Your stage fright was once so bad that you barfed in the parking lot before a class. Any advice on getting over those kinds of nerves?

I don’t want to say time heals everything, but it certainly helps. You have to develop your own style, which helps you cope with the stress. I think a little bit of nervousness keeps you alert and agile.

I loved the part in the book where you say the only thing stupider than Kanye West’s $120 T-shirts are the people who buy them.

Yes! It’s not the celebrity necessarily. If Kanye were designing something beautiful and innovative, I would say hats off. This kind of goes back to a mentor of mine, Grace Mirabella, who was the former editor of Vogue. She had a saying, which was, “Don’t design dumb clothes.” The world doesn’t need people to design T-shirts. There are plenty of them already out there.

On the cover of your book, you sport a plaid suit, a checked shirt, a dotted tie and a paisley pocket square. Is that type of pattern mixing for experts only?

Anybody can pull it off—it’s intuition and experience. But I do have a trick, which is that if you squint your eyes and all the patterns start to blend together, that’s not good. You want them to be distinguishable parts.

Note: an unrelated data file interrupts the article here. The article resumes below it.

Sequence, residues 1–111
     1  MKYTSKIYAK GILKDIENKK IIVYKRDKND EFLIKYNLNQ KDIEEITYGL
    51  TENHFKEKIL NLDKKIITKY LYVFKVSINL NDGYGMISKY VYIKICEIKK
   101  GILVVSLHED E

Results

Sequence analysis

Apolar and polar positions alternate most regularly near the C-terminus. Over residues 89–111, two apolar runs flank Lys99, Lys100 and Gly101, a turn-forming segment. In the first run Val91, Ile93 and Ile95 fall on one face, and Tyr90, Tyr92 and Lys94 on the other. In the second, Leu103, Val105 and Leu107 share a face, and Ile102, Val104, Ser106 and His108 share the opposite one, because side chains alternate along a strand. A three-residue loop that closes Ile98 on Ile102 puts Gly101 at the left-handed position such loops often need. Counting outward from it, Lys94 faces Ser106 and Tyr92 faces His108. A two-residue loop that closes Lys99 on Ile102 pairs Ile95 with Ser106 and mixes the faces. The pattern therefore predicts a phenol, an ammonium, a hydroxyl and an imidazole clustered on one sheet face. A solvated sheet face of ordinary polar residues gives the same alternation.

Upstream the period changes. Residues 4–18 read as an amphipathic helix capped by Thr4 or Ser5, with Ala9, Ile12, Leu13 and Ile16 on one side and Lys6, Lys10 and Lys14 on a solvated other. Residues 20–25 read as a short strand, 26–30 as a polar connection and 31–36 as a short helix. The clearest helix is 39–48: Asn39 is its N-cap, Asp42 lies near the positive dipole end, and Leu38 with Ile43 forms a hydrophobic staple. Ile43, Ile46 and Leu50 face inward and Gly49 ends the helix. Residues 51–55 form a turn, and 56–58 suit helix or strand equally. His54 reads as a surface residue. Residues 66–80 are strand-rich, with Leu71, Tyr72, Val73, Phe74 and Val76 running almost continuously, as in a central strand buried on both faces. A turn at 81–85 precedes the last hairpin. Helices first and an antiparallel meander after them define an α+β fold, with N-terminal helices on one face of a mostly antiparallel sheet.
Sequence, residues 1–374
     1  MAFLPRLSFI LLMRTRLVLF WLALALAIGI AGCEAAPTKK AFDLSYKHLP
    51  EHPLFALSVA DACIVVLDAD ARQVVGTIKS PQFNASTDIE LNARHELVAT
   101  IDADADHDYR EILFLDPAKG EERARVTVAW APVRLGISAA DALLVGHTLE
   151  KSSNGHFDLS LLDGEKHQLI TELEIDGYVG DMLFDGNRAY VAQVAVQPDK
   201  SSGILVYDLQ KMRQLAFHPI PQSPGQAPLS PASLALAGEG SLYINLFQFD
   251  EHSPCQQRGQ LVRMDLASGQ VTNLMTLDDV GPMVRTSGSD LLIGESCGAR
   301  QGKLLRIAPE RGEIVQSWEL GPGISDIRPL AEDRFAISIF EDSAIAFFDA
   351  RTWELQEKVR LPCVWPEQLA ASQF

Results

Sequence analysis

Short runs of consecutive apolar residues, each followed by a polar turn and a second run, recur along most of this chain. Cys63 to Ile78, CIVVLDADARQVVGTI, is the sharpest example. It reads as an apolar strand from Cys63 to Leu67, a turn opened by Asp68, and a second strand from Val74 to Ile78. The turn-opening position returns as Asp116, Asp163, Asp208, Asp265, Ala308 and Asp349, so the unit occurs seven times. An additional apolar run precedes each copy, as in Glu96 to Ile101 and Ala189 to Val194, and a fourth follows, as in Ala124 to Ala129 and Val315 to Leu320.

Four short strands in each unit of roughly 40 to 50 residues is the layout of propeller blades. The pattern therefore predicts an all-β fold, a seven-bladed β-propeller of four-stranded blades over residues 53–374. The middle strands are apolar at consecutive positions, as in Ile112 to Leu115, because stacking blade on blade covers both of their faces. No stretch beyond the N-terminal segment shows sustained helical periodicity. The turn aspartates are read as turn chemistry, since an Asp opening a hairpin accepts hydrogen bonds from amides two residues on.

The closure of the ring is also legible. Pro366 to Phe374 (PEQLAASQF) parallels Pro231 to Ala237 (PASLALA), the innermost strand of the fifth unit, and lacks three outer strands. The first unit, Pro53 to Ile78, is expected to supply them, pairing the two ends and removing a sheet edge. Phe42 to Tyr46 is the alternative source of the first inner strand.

I read somewhere that you attended Woodstock in grey flannels and a brass-buttoned blazer.

Yes, I did.

Did you feel out of place?

Oh, of course. But I knew that going into it. It was a group of us, and we were all in our school uniforms.

Did you enjoy yourself?

I hated it. It was disgusting, horrible. Not that I was such a fan of that genre of music. For me it was more of a socio-cultural excursion. People were filthy; the place was ankle-deep in mud.

Which of these sentiments reflects your opinion: When in doubt, wear a tie or when in doubt, don’t wear a tie?

Wear a tie. People disagree with this all the time, but I would much rather be the most dressed up person in the room than the least. Of course, it all depends on the environment. I’ve grown to accept anything when it comes to the tech world. Look at Mark Zuckerberg! The United States has become a nation of slobs, and I think it’s disgraceful.

The business wardrobe can be particularly precarious for women. Got any advice?

I do tend to think women look their best in clothing that fits them properly and doesn’t try to conceal their gender. My rule would be for skirts in a professional environment—no longer than the lowest part of your kneecaps and no higher than a couple of inches above the knees. Women tend to either become overly dowdy or Grandma Jezebel, which is highly inappropriate.

Your Project Runway co-star Heidi Klum recently offered women advice on wearing underwear. Have you got any tips for guys?

My advice is to wear it. I meet men who are quite willing to tell me that they’re not wearing underwear, and I’m just baffled by it.

So it’s never OK to go commando in a suit?

Definitely, not. Unless you’re in a bather suit, it’s not OK anywhere.